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A Possible Prebiotic Ancestry of Porphyrin-Type Protein Cofactors

  • Hannes Lukas Pleyer
  • Henry Strasdeit
  • Stefan FoxEmail author
Prebiotic Chemistry

Abstract

In previous experiments that simulated conditions on primordial volcanic islands, we demonstrated the abiotic formation of hydrophobic porphyrins. The present study focused on the question whether such porphyrins can be metalated by prebiotically plausible metal ion sources. We used water-insoluble octaethylporphyrin (H2oep) as a model compound. Experiments were conducted in a nitrogen atmosphere under cyclic wet–dry conditions in order to simulate the fluctuating environment in prebiotic rock pools. Wetting–drying proved to be a crucial factor. Significant yields of the metalloporphyrins (20–78% with respect to H2oep) were obtained from the soluble salts MCl2 (M = Mg, Fe, Co, Ni and Cu) in freshwater. Even almost insoluble minerals and rocks metalated the porphyrin. Basalt (an iron source, 11% yield), synthetic jaipurite (CoS, 33%) and synthetic covellite (CuS, 57%) were most efficient. Basalt, magnetite and FeCl2 gave considerably higher yields in artificial seawater than in freshwater. From iron sources, the highest yields, however, were obtained in an acidic medium (hydrochloric acid with an initial pH of 2.1). Under these conditions, iron meteorites also metalated the porphyrin. Acidic conditions were considered because they are known to occur during eruptions on volcanic islands. Octaethylporphyrinatomagnesium(II) did not form in acidic medium and was unstable towards dissolved Fe2+. It is therefore questionable whether magnesium porphyrins, i.e. possible ancestors of chlorophyll, could have accumulated in primordial rock pools. However, abiotically formed ancestors of the modern cofactors heme (Fe), B12 (Co), and F430 (Ni) may have been available to hypothetical protometabolisms and early organisms.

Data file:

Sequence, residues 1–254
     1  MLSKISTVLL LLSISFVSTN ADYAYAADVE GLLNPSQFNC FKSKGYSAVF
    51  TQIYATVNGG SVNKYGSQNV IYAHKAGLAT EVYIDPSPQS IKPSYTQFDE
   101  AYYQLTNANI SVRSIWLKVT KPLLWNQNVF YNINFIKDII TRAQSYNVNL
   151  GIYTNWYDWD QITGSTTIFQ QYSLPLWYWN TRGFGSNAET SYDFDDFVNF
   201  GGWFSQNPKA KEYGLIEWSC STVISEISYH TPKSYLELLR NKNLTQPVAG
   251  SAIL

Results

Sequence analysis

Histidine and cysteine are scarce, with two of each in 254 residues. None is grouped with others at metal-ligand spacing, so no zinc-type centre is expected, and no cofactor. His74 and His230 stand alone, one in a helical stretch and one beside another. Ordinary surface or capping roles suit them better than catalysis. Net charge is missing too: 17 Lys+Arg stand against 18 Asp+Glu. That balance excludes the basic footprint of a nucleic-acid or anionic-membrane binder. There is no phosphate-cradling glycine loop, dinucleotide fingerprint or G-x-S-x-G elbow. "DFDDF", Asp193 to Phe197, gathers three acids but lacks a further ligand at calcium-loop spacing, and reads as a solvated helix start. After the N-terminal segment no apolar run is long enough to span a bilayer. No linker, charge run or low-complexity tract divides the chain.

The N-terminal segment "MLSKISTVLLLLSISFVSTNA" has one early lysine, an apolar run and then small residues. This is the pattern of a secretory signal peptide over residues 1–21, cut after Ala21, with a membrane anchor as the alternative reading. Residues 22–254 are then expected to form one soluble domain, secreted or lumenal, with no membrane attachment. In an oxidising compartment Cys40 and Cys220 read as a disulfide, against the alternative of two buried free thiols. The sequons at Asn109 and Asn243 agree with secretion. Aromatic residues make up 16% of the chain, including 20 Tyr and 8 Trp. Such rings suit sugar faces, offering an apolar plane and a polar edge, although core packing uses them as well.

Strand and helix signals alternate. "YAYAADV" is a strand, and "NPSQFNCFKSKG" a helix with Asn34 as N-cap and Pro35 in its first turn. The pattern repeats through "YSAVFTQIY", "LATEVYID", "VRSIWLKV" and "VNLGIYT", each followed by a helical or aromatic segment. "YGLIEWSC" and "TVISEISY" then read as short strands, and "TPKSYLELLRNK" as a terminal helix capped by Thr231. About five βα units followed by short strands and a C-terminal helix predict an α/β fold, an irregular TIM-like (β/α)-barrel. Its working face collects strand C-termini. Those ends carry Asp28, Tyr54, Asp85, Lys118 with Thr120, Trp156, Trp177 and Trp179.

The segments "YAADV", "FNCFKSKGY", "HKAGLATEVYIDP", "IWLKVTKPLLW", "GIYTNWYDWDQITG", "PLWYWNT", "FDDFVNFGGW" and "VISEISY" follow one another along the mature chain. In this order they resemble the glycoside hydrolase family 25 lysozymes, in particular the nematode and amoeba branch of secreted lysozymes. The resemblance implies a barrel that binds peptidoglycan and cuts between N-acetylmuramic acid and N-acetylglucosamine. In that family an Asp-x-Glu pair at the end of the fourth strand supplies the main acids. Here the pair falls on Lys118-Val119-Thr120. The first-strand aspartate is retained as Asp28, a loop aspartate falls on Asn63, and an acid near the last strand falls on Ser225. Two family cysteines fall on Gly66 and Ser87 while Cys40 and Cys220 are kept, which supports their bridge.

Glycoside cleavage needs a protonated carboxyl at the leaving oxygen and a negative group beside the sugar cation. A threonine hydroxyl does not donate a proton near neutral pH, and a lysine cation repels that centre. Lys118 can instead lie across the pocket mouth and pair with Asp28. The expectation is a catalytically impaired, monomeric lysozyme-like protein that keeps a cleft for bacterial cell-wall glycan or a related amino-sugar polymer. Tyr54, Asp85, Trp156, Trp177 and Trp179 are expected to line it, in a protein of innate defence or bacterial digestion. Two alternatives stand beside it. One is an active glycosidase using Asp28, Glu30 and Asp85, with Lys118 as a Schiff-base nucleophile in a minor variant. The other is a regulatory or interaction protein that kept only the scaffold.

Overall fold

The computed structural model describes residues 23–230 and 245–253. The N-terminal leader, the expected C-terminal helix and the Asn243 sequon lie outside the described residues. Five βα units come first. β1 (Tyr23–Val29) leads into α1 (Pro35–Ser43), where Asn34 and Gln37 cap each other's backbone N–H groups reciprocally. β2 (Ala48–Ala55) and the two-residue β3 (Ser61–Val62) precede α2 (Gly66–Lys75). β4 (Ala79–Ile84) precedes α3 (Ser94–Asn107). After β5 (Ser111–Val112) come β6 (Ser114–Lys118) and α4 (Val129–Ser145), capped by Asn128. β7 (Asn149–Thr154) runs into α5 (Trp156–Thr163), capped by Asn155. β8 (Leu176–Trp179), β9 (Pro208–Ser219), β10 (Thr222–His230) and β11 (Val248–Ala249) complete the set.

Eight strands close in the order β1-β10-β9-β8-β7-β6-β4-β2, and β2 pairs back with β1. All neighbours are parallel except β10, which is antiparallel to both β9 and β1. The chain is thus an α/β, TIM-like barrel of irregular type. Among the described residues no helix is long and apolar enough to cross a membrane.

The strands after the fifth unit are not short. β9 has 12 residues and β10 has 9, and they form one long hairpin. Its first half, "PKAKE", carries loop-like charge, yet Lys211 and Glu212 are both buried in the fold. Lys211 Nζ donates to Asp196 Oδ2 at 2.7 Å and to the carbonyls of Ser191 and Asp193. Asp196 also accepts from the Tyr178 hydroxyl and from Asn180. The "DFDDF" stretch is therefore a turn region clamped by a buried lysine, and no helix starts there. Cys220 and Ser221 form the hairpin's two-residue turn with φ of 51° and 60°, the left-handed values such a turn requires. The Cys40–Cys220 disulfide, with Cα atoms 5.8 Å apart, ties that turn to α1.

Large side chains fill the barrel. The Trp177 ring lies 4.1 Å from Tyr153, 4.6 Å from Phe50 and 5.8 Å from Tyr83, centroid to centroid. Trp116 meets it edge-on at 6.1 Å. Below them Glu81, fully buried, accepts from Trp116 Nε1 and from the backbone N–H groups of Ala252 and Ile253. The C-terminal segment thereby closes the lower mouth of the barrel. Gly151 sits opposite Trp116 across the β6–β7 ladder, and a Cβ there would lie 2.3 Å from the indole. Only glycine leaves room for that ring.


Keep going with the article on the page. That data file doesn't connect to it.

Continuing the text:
Keywords

Abiotic syntheses Acidic conditions Iron Metalloporphyrins Rock pools Wet–dry cycling 

Notes

Acknowledgements

The authors are grateful to Thomas Staudacher (Observatoire volcanologique du Piton de la Fournaise, La Réunion) for assistance with sampling of the basalt and to Dr. Manfred Martin (Regierungspräsidium Freiburg; Landesamt für Geologie, Rohstoffe und Bergbau) for the basalt analysis. We also thank Dr. Beda Hofmann (Naturhistorisches Museum Bern) for the meteorite samples and Dr. Igor Puchtel (University of Maryland, College Park) for the komatiite. Special thanks are due to Prof. Wolfgang Hanke and Prof. Wolfgang Schwack (both at the Universität Hohenheim, Stuttgart) who provided the fluorescence microscopy and HPTLC equipment, respectively, and helped us with the measurements. We are also grateful to Dr. Frank Trixler (Deutsches Museum, München; School of Education, Technische Universität München; Center for NanoScience (CeNS), Ludwig-Maximilians-Universität München) who provided HLP the opportunity to perform AFM measurements during a research stay in Munich. We thank Sonja Ringer for technical assistance. HLP thanks the State of Baden-Württemberg for an LGFG doctoral fellowship.

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Authors and Affiliations

  1. 1.Department of Bioinorganic Chemistry and Chemical Evolution, Institute of ChemistryUniversity of HohenheimStuttgartGermany

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